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Who Owns the Media?: The Media Independence Project

Author

Listed:
  • Julia Cage

    (Département d'économie)

  • Olivier Godechot

    (Observatoire sociologique du changement)

  • Etienne Fize

    (Département d'économie)

  • Maria Camila Porras

    (Laboratoire interdisciplinaire d'évaluation des politiques publiques (LIEPP))

Abstract

While the Federal Communications Commission (FCC) in the United States just repealed a 42-year-old rule blocking broadcast media mergers, which will most probably lead to more newspapers, radio stations and television channels being owned by a handful of media companies, it is more important than ever to improve our understanding of the ownership structure of general information media outlets. This project contributes to the quest for media ownership transparency by construing datasets on the structure of media ownership in France and in Spain. We show that in both countries, the ownership structure of the media is very complex and not transparent. Moreover, when we focus on private owners, we find an over-representation of the “financial and insurance services” sector, particularly striking if we compare it to the “information and communication” sector whose capital share is much lower.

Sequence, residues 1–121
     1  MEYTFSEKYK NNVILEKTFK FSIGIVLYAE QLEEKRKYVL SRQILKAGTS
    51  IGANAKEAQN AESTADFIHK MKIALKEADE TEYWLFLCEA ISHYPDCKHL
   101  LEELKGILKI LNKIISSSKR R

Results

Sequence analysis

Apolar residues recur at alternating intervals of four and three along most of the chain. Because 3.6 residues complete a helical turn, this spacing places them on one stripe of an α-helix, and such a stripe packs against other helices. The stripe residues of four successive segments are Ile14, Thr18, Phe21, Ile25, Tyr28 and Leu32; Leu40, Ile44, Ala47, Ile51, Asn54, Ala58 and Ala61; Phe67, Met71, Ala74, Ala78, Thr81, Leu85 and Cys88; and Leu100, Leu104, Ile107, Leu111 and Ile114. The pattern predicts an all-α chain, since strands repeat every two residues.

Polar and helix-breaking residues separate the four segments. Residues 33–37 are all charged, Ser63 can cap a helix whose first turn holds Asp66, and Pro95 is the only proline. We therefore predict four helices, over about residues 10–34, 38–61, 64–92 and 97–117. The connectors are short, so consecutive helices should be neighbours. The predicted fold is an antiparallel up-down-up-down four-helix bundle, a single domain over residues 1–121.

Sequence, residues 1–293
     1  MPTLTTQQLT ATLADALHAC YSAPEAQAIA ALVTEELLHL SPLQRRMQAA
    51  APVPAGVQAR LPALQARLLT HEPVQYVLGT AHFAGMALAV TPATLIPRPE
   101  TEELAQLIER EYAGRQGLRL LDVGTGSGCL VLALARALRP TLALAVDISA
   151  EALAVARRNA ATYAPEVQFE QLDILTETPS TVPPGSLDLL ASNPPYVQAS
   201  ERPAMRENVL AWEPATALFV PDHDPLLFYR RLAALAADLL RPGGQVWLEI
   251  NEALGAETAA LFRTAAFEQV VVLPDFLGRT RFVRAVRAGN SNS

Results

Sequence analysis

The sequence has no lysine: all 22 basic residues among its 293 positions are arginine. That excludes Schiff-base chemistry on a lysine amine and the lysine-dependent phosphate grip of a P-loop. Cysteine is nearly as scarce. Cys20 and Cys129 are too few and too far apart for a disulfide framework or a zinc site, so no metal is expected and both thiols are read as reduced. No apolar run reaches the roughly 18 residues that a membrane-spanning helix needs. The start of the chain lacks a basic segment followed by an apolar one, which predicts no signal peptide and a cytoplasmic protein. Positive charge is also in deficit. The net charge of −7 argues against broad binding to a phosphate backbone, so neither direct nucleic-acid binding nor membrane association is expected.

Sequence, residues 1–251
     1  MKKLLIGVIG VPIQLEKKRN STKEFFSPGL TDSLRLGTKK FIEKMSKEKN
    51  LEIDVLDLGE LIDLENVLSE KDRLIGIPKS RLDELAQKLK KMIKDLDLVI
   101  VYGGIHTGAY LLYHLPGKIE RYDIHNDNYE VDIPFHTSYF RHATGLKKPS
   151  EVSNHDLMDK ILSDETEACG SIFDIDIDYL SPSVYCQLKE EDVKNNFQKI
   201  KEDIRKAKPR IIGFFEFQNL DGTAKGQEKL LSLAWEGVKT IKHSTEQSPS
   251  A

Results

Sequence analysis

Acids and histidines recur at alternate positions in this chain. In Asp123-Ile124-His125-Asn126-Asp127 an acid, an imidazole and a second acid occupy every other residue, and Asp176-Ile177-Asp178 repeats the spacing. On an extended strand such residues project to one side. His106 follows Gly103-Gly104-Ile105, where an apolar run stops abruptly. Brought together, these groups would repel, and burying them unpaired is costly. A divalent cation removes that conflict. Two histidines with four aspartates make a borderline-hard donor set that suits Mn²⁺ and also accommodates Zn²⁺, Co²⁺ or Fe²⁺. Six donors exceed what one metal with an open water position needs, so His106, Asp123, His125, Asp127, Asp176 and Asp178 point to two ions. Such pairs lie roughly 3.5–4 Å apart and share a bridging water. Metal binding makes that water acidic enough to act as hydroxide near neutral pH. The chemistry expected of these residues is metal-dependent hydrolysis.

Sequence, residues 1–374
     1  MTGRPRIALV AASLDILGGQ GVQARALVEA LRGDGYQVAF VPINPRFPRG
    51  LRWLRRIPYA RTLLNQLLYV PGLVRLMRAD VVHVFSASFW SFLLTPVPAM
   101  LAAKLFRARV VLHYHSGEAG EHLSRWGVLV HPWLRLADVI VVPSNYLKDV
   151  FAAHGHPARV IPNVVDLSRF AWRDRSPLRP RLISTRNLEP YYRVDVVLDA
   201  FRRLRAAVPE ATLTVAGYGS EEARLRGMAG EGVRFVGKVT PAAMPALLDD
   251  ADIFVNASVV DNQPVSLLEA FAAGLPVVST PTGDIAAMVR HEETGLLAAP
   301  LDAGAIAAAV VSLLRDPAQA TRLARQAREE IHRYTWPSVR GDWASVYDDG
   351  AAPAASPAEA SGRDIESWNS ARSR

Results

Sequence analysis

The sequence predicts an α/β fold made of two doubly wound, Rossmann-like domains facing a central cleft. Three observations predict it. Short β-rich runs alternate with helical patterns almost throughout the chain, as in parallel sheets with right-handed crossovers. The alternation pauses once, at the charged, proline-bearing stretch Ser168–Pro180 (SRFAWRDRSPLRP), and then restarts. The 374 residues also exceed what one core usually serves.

Suggested Citation

  • Julia Cage & Olivier Godechot & Etienne Fize & Maria Camila Porras, 2017. "Who Owns the Media?: The Media Independence Project," Sciences Po publications info:hdl:2441/5ej8oq8p589, Sciences Po.
  • Handle: RePEc:spo:wpmain:info:hdl:2441/5ej8oq8p589tbq524jeiieb7cl
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    References listed on IDEAS

    as
    1. Charles Angelucci & Julia Cagé, 2019. "Newspapers in Times of Low Advertising Revenues," American Economic Journal: Microeconomics, American Economic Association, vol. 11(3), pages 319-364, August.
    2. Ruben Durante & Brian Knight, 2012. "Partisan Control, Media Bias, And Viewer Responses: Evidence From Berlusconi'S Italy," Journal of the European Economic Association, European Economic Association, vol. 10(3), pages 451-481, May.
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